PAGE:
West Pier

A Brighton favourite, and one of the south’s most photographed landmarks. Living in Brighton, and just a short walk from the sea, the opportunity to wander down and photograph this icon is often hard to pass up.

West Pier

A sunset in February 2015, during a particularly low tide.

West Pier

Classic shot

To get the classic shot, it’s best to position yourself between the last of the remaining supports, with the tide just about touching your toes. If the tide goes out beyond that you’ll start to get some ugly low-lying wreckage in your shot, too high and you’ll need to include the supports – and you’ll notice they don’t quite line up with the centre of the pier.

Dreamy Pier

A sea calm enough to capture a rare reflection.

Dreamy Pier

Eerie Pier

A long exposure at dawn on Halloween. The skies were a beautiful pink, and my 3-stop Hitech filter, which has a slight purple cast, amplified the effect.

Eerie Pier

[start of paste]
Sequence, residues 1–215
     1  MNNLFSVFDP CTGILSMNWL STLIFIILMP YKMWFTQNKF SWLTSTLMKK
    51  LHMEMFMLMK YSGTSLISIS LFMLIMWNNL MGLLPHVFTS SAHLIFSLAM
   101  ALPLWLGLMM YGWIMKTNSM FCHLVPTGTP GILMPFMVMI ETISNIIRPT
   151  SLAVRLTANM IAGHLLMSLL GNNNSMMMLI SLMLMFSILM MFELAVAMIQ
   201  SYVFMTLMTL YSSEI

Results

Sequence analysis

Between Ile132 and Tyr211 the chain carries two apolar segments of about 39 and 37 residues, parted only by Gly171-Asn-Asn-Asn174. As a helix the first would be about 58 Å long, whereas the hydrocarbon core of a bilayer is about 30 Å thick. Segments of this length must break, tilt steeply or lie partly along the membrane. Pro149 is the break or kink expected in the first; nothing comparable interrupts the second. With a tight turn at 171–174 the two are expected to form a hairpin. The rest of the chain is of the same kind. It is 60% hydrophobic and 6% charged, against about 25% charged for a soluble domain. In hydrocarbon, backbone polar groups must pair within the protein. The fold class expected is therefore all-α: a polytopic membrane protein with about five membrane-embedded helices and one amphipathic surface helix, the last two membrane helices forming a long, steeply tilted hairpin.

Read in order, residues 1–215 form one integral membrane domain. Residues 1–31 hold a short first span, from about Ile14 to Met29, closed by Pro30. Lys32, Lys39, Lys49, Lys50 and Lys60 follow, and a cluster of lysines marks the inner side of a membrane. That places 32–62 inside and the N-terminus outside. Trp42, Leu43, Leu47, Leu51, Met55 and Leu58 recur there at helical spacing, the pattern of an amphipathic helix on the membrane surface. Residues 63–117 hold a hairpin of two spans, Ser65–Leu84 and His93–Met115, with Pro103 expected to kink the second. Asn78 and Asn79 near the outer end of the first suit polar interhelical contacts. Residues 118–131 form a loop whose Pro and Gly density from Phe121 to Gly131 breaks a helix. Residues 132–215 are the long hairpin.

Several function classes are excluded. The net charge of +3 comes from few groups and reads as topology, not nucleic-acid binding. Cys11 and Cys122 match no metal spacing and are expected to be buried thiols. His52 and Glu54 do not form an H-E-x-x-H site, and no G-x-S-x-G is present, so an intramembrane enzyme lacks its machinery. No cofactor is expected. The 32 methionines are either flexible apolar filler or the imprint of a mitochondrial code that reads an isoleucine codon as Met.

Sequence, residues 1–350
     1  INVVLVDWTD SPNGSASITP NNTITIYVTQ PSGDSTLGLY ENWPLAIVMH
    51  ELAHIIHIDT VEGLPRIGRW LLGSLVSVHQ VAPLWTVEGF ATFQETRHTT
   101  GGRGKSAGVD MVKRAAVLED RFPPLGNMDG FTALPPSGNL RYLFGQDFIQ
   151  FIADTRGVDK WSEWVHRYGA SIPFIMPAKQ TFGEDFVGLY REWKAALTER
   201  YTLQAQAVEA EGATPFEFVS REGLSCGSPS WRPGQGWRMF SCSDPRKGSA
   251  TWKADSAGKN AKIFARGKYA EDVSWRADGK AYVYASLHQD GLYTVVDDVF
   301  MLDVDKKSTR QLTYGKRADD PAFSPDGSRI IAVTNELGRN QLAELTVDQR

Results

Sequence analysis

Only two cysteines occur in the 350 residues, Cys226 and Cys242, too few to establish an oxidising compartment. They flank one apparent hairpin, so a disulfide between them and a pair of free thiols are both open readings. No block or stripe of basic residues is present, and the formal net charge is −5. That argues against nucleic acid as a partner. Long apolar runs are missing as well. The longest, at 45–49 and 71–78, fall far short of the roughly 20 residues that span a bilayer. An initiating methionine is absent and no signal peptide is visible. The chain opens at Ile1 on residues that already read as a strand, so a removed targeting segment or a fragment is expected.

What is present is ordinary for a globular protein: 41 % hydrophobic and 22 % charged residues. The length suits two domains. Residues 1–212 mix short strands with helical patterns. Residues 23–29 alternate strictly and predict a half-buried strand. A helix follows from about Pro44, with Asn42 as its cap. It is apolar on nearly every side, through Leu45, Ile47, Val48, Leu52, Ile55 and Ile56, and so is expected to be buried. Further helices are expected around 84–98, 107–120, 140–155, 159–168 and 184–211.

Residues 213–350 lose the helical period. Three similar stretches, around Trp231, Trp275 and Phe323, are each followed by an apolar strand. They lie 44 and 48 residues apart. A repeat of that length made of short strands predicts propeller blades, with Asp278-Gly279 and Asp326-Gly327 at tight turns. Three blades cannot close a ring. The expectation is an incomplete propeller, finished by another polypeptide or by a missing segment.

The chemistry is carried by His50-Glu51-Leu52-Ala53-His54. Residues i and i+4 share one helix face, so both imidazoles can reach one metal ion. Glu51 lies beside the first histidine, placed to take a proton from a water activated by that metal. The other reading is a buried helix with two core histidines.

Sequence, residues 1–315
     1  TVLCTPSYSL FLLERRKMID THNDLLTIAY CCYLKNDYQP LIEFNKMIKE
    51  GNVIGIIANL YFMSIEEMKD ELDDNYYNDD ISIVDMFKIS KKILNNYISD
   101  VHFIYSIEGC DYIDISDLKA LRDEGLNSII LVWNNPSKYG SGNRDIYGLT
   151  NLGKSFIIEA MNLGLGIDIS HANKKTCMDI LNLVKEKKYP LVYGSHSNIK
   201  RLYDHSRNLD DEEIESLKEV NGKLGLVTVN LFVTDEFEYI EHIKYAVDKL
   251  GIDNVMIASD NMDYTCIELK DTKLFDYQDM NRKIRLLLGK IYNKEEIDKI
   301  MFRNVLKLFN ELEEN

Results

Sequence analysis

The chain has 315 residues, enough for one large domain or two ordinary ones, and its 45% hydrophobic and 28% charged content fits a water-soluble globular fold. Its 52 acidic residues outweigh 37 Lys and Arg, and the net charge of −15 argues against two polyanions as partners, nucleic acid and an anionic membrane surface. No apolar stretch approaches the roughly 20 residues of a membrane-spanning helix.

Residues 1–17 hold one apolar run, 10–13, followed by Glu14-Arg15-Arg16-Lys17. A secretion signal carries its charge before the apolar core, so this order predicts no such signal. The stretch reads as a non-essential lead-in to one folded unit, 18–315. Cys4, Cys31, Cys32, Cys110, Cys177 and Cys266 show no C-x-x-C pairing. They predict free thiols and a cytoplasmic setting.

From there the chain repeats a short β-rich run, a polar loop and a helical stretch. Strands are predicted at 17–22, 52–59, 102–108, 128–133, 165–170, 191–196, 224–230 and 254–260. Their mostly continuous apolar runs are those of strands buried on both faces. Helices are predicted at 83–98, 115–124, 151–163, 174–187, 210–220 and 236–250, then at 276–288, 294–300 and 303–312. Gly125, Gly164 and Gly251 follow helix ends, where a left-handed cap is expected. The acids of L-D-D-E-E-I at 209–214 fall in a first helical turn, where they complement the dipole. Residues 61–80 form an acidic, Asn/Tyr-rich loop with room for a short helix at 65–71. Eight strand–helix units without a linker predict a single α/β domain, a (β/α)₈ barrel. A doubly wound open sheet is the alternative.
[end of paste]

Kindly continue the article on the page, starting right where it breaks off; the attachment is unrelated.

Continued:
West Pier

A tighter crop of the pier, on a cold winter’s morning.

West Pier

When the tide is higher, a popular alternative is to include the concrete groin to the pier’s left.

Hot and Cold

I like the cyan-orange juxtaposition in this shot. Soon after the sunset the heaven’s opened and the beach emptied.

Hot and Cold

Seagulls

On an early morning photography trip to the beach with my wife Samantha, we focused on the seagulls and their behaviour during low tide. They were diving in to the shallow sea to pluck out the starfish. This led to an alternative take on the classic landmark.

Rusty pier

A rusty close-up of the decaying frame and its latest seagull inhabitants.

Rusty pier

Starlings

From November through March, and peaking in March, Brighton’s roosting starlings flock around Palace Pier (or Brighton Pier, if you prefer). From this vantage, in the evening, you can set their murmurations against the west pier.

Purple Murmuration

A starling murmuration with the West Pier visible behind.

Purple Murmuration